Who still wants to be a country doctor?
■ There is still need for physicians in rural areas, but interest is declining. One solution: Improve work-life balance to attract and keep doctors.
J. Matt Byrd, MD, a family physician in Ogallala, Neb., population 5,000, starts his workday with a 15-minute drive to his office. He’s usually home by 6 p.m., and after dinner with his family, he might go out to his backyard with his 11-year-old daughter to hunt deer, pheasants, doves and grouse. Or they might go for walks, ride bikes or fish in nearby Lake McConaughy, Nebraska’s largest.
“There’s a life balance to be had in a rural area,” Dr. Byrd said.
With more doctors, in any location, placing a premium on work-life balance, organizations trying to reduce an acute shortage of physicians in rural areas say lifestyle issues are likely to play a more prominent role in attracting physicians to remote cities and towns — and keeping them there. “Identifying and understanding personal needs can be as important as meeting practice needs in retaining rural health care providers,” said a 2012 report funded by the Veterans Administration Office of Rural Health. Twenty-five percent of the population lives in rural areas, but only 9% of physicians practice there, according to the National Rural Health Assn.
One barrier to attracting doctors has been the traditional view of the rural practice: one doctor, alone, always at work, always on call. But that is changing as rural areas and hospitals recognize physicians’ desire to be employed and have time to enjoy their families and surroundings without having their time filled with a large amount of call and administrative work that could come with a solo or small practice.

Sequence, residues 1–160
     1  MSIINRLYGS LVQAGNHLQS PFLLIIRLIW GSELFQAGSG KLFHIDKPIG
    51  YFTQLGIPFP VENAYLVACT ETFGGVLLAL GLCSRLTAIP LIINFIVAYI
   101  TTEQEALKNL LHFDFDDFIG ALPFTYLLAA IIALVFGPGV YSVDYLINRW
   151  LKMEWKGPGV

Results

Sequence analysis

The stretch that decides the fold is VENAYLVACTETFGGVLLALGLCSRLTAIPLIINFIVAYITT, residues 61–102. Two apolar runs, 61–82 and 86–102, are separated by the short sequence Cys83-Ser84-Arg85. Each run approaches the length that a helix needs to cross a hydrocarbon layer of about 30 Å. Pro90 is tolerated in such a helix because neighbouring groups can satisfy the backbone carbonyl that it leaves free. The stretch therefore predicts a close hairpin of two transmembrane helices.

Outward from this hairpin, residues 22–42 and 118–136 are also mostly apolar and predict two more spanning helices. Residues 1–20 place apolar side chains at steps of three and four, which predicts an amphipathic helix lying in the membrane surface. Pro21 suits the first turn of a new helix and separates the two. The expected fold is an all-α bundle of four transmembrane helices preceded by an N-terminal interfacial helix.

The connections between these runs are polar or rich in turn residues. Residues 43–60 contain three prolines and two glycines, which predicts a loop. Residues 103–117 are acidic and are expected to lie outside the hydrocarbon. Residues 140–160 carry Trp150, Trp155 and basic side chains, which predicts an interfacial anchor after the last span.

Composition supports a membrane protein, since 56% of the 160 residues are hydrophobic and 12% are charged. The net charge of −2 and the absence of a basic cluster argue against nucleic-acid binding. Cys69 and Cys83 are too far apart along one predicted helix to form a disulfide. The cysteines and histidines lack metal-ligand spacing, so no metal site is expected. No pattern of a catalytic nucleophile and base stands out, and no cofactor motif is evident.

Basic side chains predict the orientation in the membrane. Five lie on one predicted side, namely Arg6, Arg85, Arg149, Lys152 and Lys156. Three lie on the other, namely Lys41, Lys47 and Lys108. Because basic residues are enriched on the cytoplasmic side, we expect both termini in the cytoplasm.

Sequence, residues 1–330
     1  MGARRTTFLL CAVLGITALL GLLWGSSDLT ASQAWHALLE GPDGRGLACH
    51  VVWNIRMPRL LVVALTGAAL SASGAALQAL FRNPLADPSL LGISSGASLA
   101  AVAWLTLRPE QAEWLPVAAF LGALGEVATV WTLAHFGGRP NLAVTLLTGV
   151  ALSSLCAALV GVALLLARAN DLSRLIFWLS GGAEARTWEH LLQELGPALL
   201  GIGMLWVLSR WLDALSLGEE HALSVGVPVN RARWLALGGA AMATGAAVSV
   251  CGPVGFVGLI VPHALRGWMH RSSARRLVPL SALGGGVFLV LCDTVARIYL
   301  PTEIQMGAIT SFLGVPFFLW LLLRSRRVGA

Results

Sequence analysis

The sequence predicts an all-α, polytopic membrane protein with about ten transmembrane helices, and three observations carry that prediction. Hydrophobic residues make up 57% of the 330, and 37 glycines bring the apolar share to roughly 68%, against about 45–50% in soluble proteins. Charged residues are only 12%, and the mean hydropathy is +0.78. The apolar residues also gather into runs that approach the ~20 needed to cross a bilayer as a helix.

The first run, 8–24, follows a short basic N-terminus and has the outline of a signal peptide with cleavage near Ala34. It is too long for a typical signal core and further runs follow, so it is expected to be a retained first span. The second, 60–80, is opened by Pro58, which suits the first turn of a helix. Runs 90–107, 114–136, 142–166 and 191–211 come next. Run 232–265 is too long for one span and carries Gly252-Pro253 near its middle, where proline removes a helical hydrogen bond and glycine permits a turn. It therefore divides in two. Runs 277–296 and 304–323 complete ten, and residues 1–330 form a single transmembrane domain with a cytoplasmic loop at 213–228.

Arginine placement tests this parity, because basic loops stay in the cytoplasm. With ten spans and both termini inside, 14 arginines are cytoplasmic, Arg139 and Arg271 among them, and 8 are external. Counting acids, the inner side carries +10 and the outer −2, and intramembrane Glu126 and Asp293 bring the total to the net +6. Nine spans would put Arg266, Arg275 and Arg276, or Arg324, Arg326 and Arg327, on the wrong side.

“If a community is trying to recruit somebody who is going to own his or her own practice and run his or her own practice, that’s probably not going to work,” said Brock Slabach, MPH, senior vice president for member services of the National Rural Health Assn. “Work-life balance is very important, and physicians are not interested in 70- to 80-hour weeks. It’s not something people are going to be attracted to.”
Even for a doctor with deep rural roots like Dr. Byrd, who did his residency in Grand Island, Neb. (population 48,000), the idea of working outside a large city gave him pause. He knew firsthand of the country doctor’s experience of seemingly never-ending days. “My grandfather was a rural physician in solo practice,” Dr. Byrd said. “My dad was a rural physician who was solo. I grew up in a rural area. I knew I wanted to live in a rural area, but I wanted to focus on medicine, not billing.”
It turned out that Ogallala, 3½ hours east of Denver, worked for Dr. Byrd. There, he could be employed with Banner Medical Group, which provides medical services to Banner Health, a nonprofit health system with 23 acute care facilities in seven states.
Recruiters say rural facilities, like their counterparts in urban areas, are responding to physicians’ desire for work-life balance by creating more employed positions. A survey of 302 residents, both urban and rural, released Oct. 5, 2011, by Merritt Hawkins found that 32% would be most open to hospital employment. This was true for only 3% in 2001.